So, the original story goes something like this: girl buys laptop, laptop comes with (gasp!) Linux, Linux isn't compatible with her High-Speed Internet or her college classes. Girl drops out of the college.
The original article isn't great journalism by any standard, but it tries to spread both blame and instructive explanations into as many corners as it can find: the girl didn't immediately realize what she'd bought, Dell told her everything would be fine, Verizon was going to send someone over, the college promises to accept OpenOffice documents from now on.
Then someone links it to Digg with the wonderfully helpful headline: Ubuntu Causes Girl To Drop Out of College [sic] As of this writing, there are 3,296 "diggs" and 1,158 comments at Digg.
Enter the fanatics:
The original story […] received more than 120,000 page visits on Thursday. To put that in perspective, our main page got about 15,000 hits… That's also when the comments – many of them angry, rude, and hateful – started pouring in…
Many Ubuntu users also wrote very personal attacks about the young lady who was having trouble using the operating system. They called her "lazy," "a dumb girl," and "not worthy of a college degree."
The young woman also contacted 27 News to report she's being harassed on her Facebook account by Ubuntu users.
Seriously people? Us geeks are already marginalized by our society, do we really need to give them more reasons to think we're creepy, anti-social clods? How is any of this helping anyone? Do you really think harassing someone on their Facebook page will make more people inclined to try Ubuntu in the future?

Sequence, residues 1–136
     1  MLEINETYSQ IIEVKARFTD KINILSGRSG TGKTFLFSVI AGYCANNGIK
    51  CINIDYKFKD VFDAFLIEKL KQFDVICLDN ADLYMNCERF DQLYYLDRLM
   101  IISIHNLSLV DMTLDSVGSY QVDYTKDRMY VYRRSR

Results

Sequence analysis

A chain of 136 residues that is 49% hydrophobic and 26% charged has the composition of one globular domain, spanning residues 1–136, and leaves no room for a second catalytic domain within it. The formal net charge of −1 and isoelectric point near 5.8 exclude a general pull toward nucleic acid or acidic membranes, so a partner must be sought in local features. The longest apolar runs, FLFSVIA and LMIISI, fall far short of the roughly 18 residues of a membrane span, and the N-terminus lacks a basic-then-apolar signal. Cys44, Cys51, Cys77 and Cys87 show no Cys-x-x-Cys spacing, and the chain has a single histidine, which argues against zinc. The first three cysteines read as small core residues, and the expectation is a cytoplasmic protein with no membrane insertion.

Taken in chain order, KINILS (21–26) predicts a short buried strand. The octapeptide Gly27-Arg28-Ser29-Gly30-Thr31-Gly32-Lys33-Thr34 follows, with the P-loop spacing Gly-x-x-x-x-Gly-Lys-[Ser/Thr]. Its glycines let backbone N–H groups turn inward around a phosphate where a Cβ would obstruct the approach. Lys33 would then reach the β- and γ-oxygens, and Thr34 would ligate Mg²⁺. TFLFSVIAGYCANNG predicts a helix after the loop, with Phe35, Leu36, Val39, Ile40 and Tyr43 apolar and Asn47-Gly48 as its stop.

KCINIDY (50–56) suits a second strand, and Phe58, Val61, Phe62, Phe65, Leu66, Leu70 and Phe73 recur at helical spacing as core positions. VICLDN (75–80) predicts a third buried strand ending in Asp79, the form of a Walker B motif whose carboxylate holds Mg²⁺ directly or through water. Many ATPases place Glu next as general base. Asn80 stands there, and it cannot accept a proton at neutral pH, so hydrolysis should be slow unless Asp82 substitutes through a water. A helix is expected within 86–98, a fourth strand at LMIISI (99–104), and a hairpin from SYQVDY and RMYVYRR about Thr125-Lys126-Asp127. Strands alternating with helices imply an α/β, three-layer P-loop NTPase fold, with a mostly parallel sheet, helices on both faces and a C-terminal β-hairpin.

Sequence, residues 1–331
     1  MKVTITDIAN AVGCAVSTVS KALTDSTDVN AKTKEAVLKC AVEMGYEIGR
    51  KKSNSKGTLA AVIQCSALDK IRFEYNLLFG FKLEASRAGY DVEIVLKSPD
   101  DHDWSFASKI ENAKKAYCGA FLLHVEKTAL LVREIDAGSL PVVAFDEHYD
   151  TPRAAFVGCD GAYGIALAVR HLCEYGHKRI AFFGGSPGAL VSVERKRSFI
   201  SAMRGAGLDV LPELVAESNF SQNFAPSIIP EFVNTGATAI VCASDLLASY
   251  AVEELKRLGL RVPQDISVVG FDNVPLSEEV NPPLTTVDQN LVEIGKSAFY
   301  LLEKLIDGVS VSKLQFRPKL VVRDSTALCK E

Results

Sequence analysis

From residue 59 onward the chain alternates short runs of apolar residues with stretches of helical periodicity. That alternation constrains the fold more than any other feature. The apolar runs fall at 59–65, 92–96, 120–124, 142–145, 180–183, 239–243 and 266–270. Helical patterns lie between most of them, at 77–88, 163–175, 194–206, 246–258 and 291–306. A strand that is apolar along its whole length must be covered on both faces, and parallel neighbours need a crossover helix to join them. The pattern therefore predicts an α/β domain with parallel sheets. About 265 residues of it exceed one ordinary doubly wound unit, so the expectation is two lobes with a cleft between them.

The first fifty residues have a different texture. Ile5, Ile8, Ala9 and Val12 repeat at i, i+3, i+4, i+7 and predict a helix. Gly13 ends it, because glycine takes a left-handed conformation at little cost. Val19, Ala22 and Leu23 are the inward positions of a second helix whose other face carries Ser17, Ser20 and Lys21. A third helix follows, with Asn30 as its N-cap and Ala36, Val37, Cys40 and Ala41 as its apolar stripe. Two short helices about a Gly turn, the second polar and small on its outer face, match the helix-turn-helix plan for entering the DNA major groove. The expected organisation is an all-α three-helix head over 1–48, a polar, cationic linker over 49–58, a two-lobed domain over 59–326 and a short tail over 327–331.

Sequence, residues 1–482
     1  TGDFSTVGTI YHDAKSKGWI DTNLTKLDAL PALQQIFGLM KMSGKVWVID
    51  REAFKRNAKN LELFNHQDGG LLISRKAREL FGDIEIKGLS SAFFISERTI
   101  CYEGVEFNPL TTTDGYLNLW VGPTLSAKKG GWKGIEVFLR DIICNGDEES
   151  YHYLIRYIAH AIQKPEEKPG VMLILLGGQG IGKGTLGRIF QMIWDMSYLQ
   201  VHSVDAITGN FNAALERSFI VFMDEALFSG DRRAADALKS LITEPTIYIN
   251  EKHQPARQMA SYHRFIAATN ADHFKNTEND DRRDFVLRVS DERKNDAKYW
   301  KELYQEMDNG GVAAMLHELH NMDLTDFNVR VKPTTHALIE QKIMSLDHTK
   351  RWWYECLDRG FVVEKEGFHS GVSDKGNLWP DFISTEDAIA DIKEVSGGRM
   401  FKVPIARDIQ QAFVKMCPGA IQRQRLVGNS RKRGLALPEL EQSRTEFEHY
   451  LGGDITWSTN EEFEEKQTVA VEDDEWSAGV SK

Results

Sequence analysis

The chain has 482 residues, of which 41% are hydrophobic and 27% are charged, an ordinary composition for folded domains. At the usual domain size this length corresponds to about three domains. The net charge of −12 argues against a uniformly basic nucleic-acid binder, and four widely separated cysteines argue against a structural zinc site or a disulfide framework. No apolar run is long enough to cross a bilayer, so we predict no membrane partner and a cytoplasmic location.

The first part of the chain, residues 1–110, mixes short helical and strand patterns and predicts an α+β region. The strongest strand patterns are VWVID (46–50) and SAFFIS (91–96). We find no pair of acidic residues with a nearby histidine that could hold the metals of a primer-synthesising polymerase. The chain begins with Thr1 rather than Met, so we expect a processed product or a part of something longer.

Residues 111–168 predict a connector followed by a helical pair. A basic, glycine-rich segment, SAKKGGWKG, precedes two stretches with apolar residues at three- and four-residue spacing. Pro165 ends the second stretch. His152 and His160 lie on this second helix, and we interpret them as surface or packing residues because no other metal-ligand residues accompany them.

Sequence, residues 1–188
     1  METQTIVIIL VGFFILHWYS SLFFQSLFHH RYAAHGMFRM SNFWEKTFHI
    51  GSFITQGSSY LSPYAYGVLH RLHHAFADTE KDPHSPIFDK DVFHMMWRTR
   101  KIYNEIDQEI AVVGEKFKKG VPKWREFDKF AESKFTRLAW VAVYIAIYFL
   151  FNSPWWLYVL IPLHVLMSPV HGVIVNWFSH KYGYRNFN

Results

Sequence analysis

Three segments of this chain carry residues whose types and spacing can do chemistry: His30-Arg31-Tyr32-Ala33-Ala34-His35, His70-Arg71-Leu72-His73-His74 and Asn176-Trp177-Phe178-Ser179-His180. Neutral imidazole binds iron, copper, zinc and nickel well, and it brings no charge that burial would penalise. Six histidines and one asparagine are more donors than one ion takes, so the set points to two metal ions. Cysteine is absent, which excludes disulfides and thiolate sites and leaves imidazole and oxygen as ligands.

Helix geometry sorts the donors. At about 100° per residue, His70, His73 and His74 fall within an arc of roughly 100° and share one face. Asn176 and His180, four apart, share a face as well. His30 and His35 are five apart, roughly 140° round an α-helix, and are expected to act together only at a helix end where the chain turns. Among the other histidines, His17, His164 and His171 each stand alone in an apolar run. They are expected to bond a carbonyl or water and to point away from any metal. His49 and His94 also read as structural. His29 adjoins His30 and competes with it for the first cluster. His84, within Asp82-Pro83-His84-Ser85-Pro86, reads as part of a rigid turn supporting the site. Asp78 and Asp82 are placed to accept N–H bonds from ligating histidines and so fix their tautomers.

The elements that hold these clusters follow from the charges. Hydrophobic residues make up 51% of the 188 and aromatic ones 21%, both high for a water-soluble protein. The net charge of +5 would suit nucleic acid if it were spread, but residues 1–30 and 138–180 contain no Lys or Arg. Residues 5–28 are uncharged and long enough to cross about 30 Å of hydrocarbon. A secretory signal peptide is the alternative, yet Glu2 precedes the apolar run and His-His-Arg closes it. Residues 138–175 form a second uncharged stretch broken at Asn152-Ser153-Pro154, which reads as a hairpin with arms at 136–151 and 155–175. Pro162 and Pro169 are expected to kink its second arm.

The reality is: you all just made it harder for Dell to sell more computers pre-loaded with Linux. "More Linux? I don't know, remember all that fuss about Ubuntu awhile back. Let's just put Windows on it and save the hassle."
For what it's worth, I think there's an interesting story or two underneath all this, but the local news team went with the brain-dead "problem solvers" approach. (The original story is a just hair's breadth away from some kind of Onion parody: "Technology, Despite Improvements, Still Hard to Understand".)
The college here is MATC – Madison Area Technical College – basically, a local, two-year, or community college, that focuses on technical skills. Given that their primary student demographics are underprivileged and technically challenged, I'd have hoped that they'd make free and open source software their default.
But that's the challenge of the moment for technical colleges like MATC: Microsoft's expensive tools are the de-facto standard. Ubuntu is a great operating system, and OpenOffice… well, it isn't that bad, but no matter how good the free software gets – no matter if it's perfectly suited to their student's situation – as long as the recruiters want to see "Microsoft Word" on the resum&eaccute;s these schools are going to treat it as the standard that it is.